LMI contend that they are prejudiced by Amtrak's late disclosure of additional damages because fact discovery closed on December 16, 2016, expert reports were exchanged on January 30, 2017, and a trial date is “fast approaching.” See Motion to Strike at 1. Thus, LMI contend that they have not had the opportunity to take fact discovery on these new damages claims, their expert could not analyze these new claims, and no time remains in the schedule to do so. See id.

         DISCUSSION

         Rule 26(a)(1)(A)(iii) of the Federal Rules of Civil Procedure provides that “a party must, without awaiting a discovery request, provide to the other parties . . . a computation of each category of damages claimed by the disclosing party -- who must also make available for inspection and copying as under Rule 34 the documents or other evidentiary material, unless privileged or protected from disclosure, on which each computation is based, including materials bearing on the nature and extent of injuries suffered.” Fed.R.Civ.P. 26(a)(1)(A)(iii). The disclosing party must timely supplement or correct its initial disclosures if it subsequently learns that the information it had provided was either “incomplete or incorrect.” Fed.R.Civ.P. 26(e)(1)(A). A party's production of documents supporting its damages claims does not excuse that party “‘from its separate obligation to disclose a damages computation.'” See Max Impact, LLC v. Sherwood Grp., Inc., No. 09 Civ. 902 (JGK)(HBP), 2014 WL 902649, at *6 (S.D.N.Y. Mar. 7, 2014) (quoting Agence France Presse v. Morel, 293 F.R.D. 682, 684 (S.D.N.Y. 2013)). If a party fails to provide or supplement information, that party is prohibited from “us[ing] that information . . . to supply evidence on a motion, at a hearing, or at a trial, unless the failure was substantially justified or is harmless.” Fed.R.Civ.P. 37(c)(1).

         “Preclusion is, of course, a harsh sanction, to be imposed rarely.” U.S. Bank Nat'l Ass'n v. PHL Variable Ins. Co., Nos. 12 Civ. 6811 (CM)(JCF), 13 Civ. 1580 (CM)(JCF), 2013 WL 5495542, at *2 (S.D.N.Y. Oct. 3, 2013) (citing Ritchie Risk-Linked Strategies Trading (Ireland), Ltd. v. Coventry First LLC, 280 F.R.D. 147, 156 (S.D.N.Y. 2012)); see Lujan v. Cabana Mgmt., Inc., 284 F.R.D. 50, 68 (E.D.N.Y. 2012). Despite the seemingly mandatory language in the Rule, even where a court finds that a discovery failure is not harmless or substantially justified, preclusion is subject to the court's wide discretion. See Design Strategy, Inc. v. Davis, 469 F.3d 284, 294, 297 (2d Cir. 2006). Courts have considered four factors in determining whether preclusion is the appropriate sanction for the failure to timely disclose: 1) the party's explanation for the failure to comply with its disclosure obligations; 2) the importance of the precluded evidence; 3) the prejudice to the opposing party from having to prepare to meet the new evidence; and 4) the possibility of a continuance. See id. at 296 (citing Patterson v. Balsamico, 440 F.3d 104, 117 (2d Cir. 2006)); Max Impact, 2014 WL 902649, at *5.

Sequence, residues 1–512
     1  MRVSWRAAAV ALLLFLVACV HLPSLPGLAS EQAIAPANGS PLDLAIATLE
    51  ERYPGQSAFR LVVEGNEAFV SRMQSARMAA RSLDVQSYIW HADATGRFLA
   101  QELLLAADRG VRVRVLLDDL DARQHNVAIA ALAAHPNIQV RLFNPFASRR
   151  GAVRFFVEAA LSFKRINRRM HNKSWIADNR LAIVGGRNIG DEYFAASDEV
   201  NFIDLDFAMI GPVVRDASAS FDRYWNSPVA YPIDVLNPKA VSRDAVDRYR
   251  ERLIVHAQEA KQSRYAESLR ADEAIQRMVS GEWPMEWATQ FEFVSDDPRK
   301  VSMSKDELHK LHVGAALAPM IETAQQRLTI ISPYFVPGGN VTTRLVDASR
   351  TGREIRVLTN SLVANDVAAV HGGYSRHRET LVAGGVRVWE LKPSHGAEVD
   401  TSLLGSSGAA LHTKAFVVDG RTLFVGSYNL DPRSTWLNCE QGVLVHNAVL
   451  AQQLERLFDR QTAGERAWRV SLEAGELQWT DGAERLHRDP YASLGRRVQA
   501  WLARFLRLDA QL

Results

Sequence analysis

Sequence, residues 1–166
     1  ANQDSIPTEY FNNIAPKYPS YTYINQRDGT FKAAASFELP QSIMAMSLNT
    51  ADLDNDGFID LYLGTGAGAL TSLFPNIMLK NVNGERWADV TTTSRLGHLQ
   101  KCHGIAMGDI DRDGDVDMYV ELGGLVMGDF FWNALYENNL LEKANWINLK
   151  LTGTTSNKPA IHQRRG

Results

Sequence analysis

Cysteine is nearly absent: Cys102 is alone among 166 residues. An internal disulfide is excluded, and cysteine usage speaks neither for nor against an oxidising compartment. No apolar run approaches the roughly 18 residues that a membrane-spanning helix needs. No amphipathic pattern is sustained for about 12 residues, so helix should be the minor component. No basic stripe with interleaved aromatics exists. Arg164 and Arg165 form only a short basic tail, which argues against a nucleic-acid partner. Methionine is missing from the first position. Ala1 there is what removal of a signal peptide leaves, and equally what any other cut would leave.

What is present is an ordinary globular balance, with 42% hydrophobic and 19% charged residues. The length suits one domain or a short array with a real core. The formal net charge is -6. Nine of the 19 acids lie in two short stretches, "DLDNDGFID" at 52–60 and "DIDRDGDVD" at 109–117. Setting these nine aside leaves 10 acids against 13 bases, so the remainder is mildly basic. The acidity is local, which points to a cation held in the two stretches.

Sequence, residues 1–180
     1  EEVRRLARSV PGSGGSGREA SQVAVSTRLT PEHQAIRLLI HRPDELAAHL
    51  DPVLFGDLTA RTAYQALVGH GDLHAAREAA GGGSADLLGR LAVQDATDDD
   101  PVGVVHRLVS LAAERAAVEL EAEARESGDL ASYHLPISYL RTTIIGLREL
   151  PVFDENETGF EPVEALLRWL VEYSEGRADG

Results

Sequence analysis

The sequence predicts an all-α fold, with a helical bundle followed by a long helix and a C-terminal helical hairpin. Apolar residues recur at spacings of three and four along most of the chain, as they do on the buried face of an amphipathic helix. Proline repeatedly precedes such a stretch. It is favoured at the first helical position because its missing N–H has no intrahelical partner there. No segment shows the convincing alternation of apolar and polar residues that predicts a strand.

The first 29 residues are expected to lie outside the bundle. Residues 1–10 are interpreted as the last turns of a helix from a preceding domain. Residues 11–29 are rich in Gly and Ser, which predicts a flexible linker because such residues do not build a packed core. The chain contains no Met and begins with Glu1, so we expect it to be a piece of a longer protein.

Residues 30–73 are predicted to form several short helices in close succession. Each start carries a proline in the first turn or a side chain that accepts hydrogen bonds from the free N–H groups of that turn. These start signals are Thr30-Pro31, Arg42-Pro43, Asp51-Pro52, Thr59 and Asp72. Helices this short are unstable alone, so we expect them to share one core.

Amtrak argues that its failure to timely disclose the newly claimed costs is the fault of LMI for not having earlier produced the invoices obtained from APU. However, based on the exhibits submitted by Amtrak detailing communications between the parties' attorneys, it appears that Amtrak would have received copies of the documents sooner had it been more diligent. See Emails exchanged between Aisha Bembry and Daniel Healy (attached as Ex. 2 to the Declaration of Daniel Healy dated March 14, 2017), DE #584-3; Second Declaration of Aisha Bembry (Mar. 20, 2017) (“2d Bembry Decl.”) ¶ 6, DE #588-1. Furthermore, these were invoices that had been paid by Amtrak, some of which Amtrak had previously produced in discovery as early as 2015. See 2d Bembry Decl. ¶ 3. Thus, Amtrak's attempt to shift the blame for its own discovery omission falls short. Amtrak cannot credibly complain that its failure to update its damages computation is attributable to LMI's delay in producing documents that, at least at one time, had been in Amtrak's possession. This Court finds that Amtrak is at fault for failing to adequately disclose its new computation of damages within the discovery period. Moreover, such failure was neither substantially justified nor harmless.